When you take the repressed parts of yourself out of shadow, you begin to change: to grow, to mature. In fact, this is one of the best ways of working on your personal growth and development. (People have a variety of names for this: shadow work, archetypal coaching, archetypal counselling, emotional process work, emotional healing, and healing the shadow.)
As you do this work, you’ll find you’re much less likely to be emotionally “triggered” by others. And the more work on your shadow you do, the less triggered you’ll be. You’ll regain your natural personality. You’ll get much more conscious control over your thoughts, feelings and actions.
Above all, you can take back control of your life and stand in your power and potency, knowing what’s true for you, and knowing that you have a right to exist just the way you are, a right to occupy the space you stand in, and a right to consciously choose who and what you are in the world.
Now, as you can imagine, this is very likely to help you get a girlfriend. Who knows? It might even mean you don’t have to try and get your ex back!!!
After all, if you split up because you were being triggered by her all the time, or she was being triggered by you, nothing much is likely to change until you work on the issues which were triggering for you both – and this is where shadow work comes in handy.
Video – shadow work
Sadly, most people seem to keep their shadow bag slung over their shoulders, dragging it around for the rest of their lives. Thing is, though, the energy of what’s repressed into shadow doesn’t go away. In fact it actually grows because, after all, it hasn’t got anywhere much to go. But whenever a slight opening appears in the top of the bag, the energy of your shadow emerges. What emerges can be powerful and frightening, twisted and warped, even monstrous; certainly it can look very different to the way it did when it went into the bag all those years before.
Another possibility: sooner or later, the weight of the bag becomes so heavy that you decide something needs to be done. It’s wearing you out. Life isn’t going the way you want. You struggle. You know life should be easier than this. You can’t seem to change things. Your relationships fail. You’re addicted. You can’t keep boundaries. So you open the bag, peer inside, and embark on what can be (if you so choose) a lifelong process of pulling things out of the bag, claiming them as your own, and reintegrating them into your personality.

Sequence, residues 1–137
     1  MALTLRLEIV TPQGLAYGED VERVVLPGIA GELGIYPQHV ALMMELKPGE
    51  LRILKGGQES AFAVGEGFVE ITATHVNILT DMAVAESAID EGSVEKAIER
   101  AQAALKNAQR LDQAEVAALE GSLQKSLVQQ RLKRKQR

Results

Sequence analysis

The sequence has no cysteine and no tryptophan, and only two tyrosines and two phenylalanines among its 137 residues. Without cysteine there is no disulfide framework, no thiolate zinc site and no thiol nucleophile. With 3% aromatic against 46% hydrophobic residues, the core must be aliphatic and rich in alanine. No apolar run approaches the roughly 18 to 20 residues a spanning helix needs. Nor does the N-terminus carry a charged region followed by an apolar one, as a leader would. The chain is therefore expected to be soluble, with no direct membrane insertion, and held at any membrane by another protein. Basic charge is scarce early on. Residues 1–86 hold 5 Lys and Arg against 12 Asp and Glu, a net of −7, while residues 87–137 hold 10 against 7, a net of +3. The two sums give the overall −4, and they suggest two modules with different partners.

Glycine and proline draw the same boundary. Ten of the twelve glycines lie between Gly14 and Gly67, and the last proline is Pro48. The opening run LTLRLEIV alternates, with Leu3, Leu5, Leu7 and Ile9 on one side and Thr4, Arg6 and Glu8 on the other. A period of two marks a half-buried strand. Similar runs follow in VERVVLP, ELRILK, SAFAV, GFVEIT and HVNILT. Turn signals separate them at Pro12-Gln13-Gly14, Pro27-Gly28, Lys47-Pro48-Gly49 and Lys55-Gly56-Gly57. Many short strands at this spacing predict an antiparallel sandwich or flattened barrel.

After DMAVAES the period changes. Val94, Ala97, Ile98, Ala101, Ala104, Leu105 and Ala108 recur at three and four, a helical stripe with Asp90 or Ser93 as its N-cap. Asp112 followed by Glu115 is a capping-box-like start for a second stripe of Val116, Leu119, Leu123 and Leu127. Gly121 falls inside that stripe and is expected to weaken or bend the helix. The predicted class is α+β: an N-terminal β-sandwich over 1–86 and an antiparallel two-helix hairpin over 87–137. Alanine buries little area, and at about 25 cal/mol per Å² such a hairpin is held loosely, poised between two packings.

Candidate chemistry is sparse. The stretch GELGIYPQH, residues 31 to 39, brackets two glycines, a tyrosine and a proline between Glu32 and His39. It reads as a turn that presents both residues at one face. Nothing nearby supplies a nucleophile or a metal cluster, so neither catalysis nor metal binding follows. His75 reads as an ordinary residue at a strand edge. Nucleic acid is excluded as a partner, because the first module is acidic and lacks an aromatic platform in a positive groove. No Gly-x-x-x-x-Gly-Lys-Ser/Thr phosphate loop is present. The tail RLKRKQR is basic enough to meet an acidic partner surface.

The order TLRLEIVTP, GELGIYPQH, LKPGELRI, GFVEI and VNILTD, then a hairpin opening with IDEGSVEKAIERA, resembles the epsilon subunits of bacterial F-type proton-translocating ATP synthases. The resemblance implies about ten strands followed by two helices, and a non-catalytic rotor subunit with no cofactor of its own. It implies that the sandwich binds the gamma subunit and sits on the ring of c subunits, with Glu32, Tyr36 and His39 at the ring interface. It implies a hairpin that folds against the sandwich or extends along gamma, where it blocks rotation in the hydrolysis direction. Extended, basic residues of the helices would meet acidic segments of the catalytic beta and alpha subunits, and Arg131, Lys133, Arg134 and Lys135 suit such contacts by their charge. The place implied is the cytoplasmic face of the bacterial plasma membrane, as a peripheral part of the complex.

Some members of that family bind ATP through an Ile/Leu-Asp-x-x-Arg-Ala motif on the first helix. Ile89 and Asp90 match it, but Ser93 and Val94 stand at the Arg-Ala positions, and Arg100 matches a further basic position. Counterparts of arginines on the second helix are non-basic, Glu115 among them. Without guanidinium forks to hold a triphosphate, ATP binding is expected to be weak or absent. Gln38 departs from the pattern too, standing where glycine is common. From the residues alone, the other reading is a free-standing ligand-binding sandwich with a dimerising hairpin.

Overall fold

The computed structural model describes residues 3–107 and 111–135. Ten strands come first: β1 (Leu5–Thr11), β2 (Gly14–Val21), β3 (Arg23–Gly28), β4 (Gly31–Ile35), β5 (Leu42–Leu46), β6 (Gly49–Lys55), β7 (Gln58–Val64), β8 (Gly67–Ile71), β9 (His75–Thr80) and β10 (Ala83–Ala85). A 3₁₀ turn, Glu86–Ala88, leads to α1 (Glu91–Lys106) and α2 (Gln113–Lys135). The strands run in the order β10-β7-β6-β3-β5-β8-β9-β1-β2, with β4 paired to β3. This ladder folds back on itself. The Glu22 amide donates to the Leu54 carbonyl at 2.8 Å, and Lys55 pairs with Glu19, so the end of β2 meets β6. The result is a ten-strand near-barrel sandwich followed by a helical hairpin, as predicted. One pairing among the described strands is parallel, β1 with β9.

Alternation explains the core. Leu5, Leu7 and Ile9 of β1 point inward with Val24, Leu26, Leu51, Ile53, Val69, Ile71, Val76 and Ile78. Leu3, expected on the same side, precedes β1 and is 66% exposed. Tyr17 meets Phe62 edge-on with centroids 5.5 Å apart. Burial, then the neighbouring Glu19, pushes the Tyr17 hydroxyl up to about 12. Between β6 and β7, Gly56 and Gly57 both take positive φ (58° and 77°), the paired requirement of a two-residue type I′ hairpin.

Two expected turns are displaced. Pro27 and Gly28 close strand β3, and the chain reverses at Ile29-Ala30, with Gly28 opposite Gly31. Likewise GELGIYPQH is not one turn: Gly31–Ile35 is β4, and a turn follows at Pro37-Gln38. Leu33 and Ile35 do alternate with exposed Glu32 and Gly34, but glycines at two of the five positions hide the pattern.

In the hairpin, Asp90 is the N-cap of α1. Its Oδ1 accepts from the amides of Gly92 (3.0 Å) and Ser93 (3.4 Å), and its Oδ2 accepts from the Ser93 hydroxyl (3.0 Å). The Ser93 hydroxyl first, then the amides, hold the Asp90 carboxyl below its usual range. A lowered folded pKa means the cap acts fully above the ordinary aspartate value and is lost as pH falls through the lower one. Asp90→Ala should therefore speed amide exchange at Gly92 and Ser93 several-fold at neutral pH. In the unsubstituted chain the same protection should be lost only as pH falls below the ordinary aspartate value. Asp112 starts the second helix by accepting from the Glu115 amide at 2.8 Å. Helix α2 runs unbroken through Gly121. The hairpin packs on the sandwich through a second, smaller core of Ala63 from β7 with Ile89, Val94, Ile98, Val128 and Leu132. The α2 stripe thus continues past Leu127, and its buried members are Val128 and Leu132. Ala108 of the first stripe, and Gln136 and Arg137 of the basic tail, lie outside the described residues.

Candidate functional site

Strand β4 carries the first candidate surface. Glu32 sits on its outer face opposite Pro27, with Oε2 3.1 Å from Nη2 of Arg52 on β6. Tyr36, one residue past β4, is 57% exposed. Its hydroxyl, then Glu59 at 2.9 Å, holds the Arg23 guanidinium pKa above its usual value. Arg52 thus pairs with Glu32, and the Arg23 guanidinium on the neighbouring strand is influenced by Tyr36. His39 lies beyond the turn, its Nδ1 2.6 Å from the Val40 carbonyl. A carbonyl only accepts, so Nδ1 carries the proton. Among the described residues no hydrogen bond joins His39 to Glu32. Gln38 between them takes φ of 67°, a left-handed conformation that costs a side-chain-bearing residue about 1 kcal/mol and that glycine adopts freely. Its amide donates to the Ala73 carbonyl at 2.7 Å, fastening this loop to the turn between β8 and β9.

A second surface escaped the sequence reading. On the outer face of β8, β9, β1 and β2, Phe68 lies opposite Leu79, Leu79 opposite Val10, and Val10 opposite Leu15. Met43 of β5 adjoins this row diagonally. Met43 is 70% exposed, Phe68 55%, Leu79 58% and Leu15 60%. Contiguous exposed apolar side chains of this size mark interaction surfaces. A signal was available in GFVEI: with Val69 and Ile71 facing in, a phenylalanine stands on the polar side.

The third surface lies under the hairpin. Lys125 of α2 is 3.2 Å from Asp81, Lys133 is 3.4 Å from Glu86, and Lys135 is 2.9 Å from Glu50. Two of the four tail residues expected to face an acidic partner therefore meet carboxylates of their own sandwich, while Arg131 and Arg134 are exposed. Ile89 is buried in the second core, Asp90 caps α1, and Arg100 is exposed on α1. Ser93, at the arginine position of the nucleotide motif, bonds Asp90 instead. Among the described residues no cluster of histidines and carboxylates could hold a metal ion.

Just one thing, though. When you pull things out of the bag, they don’t look quite like they did when they went in. They seem different. In Robert Bly’s words, they have “de-evolved towards barbarism”, and that’s really why they need to come out. In my view, they don’t so much de-evolve as gradually build up a level of energy which can transform them into an all-too-powerful shadow version of themselves.
Among other things, children may bag up their anger, fear, grief, their natural sexuality, their wildness, their impulsive nature, their spontaneity, their creativity, their appreciation of themselves, and their sense of self-worth. For good measure, most boys also bag up their feminine side – the Anima, as Carl Jung called it – to a greater or lesser degree. That’s what we expect in our culture: most men want “manly” or “masculine” boys. And with that weight of expectation, what else is a boy to do?
Anyhow, life goes on, at least for a while, with greater or lesser ease. It takes a lot of energy to hold all these things in the bag, and so they leak out now and again, often unhelpfully, but even so life looks more-or-less OK. At least the owner of the bag can survive with it. Heavy though his bag is, the energy of the man’s Hero archetype keeps him going. (See the Warrior chapter for an explanation of the Hero archetype.)
Sooner or later though, things change. The bag’s being topped up all the time. It gets heavier. Even Heroes get tired. And if a man hasn’t opened his shadow bag by the time he’s forty or fifty – and sometimes much sooner – the energy inside will be ready to find its own way out, disrupting his life, causing problems, even creating misery.
Much better, then, that a man finds a place where he can open his shadow bag with support. A safe enough space, like an emotional process workshop run by facilitators skilled in the arts of emotional healing. Why a workshop? Well, when a man decides to open the bag because something just isn’t right in his life, there may be trouble ahead. Better to be surrounded by support when you open your bag!
He can’t have good sexual relationships, maybe, so he opens the bag and finds a hurt child inside who’s raging at woman. Maybe he explodes with anger all the time at the least provocation, so he opens the bag, to find a very angry and hurt little boy raging at him. Perhaps he feels meek and mild, like a man without boundaries, so he opens the bag, only to find a victimising bully who wants to destroy everything around him.
He can’t run his own life, or accept the responsibility of leadership, so he opens the bag, only to find a raging tyrant or an abdicating King living inside. He already knows, most likely, about the addict in the bag without even looking inside. That one really frightens him, because he seems to have no control over it at all!
And finally, when his relationships with women break down, he may open the bag, only to find his own feminine energy and the sexual desires he put in there have taken on a very different appearance: they’ve become hostile to him.
So Robert Bly believed that when we put our shadow into the bag, it de-evolves, it becomes hostile to us, and it’s then reflected back at us in life. His principle was: the outside becomes like the inside. We’ll look at this again in another post.